CD Designs Blog
You might be on the lookout for a pattern imprinted concrete driveway but how about a 19th century concrete house? Due to the age restrictions around listed buildings concrete structures don’t often make the grade – but there are some and we’ve found some really interesting places to share with you.
The first building we’re going to cover is the rather aptly named ‘The Concrete House’. Located in Dulwich this site was built in 1873 by Charles Drake of the Patent Concrete Building Company, and designed by Charles Barry Junior whose father had rebuilt the Houses of Parliament.
Using concrete at this time was a real cutting edge approach and marks a shift in architectural design. There were plenty of oppositions to Drakes choice of materials as some doubted the aesthetics of the finished build. The Concrete House is the only surviving concrete structure from the 19th century to be found in Britain and has achieved Grade II listing.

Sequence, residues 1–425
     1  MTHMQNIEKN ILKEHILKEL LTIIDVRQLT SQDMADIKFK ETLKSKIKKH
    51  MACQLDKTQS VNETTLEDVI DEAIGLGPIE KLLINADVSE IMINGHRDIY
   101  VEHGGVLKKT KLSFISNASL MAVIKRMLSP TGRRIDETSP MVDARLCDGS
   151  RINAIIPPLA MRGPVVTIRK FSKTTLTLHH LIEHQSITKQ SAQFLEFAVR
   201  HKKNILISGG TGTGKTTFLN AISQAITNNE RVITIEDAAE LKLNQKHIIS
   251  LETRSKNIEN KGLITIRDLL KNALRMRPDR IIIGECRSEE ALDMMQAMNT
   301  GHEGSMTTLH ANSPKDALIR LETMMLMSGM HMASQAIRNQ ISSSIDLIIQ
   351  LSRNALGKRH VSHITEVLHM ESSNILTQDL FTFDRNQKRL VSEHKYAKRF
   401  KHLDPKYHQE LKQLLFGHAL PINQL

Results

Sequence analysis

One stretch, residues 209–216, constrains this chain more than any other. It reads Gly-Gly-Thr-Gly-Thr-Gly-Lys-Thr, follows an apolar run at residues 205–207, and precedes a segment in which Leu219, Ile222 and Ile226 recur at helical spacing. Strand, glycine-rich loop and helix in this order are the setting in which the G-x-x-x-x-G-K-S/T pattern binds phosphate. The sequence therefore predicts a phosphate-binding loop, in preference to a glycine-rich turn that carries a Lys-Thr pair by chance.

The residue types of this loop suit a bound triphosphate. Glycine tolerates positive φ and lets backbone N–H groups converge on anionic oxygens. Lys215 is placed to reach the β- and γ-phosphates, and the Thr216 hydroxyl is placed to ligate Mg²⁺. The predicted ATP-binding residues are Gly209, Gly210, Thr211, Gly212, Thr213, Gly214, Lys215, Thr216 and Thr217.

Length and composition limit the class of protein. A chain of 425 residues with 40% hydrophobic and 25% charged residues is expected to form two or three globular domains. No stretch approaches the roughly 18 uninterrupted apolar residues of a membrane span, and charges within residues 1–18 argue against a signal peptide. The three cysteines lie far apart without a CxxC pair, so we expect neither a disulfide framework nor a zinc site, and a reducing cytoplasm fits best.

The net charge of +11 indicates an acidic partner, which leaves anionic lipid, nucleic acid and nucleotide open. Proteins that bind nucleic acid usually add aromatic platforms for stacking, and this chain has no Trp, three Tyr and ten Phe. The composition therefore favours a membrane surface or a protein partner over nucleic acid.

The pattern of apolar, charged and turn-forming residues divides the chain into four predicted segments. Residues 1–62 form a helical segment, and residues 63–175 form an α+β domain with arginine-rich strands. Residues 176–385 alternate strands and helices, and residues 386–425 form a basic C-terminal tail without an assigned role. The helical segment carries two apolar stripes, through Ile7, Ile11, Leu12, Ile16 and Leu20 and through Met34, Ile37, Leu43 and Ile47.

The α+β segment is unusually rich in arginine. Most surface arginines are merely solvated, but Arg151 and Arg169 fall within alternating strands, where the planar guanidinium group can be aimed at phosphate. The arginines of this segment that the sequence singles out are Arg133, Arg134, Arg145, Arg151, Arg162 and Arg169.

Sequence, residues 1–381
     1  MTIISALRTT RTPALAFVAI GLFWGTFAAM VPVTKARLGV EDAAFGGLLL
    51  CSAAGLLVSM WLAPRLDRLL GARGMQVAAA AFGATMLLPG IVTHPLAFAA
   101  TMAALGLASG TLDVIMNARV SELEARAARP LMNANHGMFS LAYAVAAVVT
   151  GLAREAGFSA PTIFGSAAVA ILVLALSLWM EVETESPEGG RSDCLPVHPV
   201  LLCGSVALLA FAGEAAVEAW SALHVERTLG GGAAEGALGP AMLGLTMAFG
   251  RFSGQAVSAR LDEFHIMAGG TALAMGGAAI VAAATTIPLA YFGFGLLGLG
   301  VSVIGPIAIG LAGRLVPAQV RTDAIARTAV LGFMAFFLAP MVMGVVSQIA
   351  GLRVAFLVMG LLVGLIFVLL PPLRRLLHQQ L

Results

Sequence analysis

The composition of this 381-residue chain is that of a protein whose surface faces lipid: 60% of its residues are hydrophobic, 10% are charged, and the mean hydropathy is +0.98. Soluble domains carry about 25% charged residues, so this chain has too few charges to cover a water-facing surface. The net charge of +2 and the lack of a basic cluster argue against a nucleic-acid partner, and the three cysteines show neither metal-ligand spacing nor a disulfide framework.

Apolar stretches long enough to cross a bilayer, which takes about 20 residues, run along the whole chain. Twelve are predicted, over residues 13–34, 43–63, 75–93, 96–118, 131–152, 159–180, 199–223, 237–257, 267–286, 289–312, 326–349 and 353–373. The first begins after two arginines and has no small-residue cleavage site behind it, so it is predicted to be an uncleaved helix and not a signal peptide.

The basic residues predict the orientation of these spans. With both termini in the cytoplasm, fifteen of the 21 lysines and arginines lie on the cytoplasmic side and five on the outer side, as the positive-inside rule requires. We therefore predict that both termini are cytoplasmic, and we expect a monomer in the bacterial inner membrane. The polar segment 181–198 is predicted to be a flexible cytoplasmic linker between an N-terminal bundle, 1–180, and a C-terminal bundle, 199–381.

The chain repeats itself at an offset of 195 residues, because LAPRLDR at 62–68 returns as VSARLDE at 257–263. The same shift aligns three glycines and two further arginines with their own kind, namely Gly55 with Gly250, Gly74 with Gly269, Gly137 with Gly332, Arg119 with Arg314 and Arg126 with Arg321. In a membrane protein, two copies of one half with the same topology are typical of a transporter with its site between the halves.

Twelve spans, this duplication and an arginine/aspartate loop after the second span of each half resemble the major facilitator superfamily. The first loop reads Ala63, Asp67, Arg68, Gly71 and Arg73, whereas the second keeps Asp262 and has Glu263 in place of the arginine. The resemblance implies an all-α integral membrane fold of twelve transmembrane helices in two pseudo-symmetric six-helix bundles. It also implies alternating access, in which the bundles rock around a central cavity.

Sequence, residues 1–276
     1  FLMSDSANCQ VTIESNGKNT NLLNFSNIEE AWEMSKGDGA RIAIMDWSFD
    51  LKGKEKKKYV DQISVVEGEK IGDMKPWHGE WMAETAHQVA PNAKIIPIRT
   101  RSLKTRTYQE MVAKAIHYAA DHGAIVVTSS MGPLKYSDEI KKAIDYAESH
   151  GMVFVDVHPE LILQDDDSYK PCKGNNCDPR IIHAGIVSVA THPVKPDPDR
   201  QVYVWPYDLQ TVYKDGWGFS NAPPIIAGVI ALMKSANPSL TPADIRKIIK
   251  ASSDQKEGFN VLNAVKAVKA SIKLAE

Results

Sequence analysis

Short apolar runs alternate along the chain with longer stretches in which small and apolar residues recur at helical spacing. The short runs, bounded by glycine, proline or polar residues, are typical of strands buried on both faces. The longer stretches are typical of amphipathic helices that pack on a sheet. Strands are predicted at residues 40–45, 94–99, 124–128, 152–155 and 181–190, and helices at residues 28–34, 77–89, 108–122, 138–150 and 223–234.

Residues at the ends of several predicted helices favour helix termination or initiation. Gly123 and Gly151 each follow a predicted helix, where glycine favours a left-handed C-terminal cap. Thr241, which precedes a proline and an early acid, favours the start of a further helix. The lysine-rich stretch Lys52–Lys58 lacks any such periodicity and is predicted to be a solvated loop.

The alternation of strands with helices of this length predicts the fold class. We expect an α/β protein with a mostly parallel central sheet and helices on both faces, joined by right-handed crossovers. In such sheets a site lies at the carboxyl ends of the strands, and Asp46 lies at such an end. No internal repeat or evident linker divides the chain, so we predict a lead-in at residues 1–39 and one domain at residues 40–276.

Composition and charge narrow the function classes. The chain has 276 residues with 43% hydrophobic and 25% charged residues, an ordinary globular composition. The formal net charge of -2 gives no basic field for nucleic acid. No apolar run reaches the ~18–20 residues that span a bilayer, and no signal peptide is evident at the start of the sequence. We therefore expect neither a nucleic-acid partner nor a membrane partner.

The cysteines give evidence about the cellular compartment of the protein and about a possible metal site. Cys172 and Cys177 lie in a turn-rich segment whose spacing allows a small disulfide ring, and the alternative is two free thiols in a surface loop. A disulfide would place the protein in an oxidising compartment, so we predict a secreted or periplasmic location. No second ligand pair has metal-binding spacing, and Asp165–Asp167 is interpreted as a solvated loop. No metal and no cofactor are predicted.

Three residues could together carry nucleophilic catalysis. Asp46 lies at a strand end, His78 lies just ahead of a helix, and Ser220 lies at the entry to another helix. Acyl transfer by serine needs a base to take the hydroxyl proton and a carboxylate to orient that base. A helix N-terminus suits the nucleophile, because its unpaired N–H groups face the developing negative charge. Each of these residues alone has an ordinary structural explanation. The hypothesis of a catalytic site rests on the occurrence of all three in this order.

Sadly, we can’t imagine the estate requesting a pattern imprinted concrete driveway any time soon as the site has stood empty for over 30 years and is now in a real state of disrepair. The state of the property has divided the public opinions of the property – many claiming that The Concrete House is an eyesore and rife for demolition, but with a little bit of love and attention we’re sure the house can become a magnificent landmark and milestone in concrete building.
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21st March 2011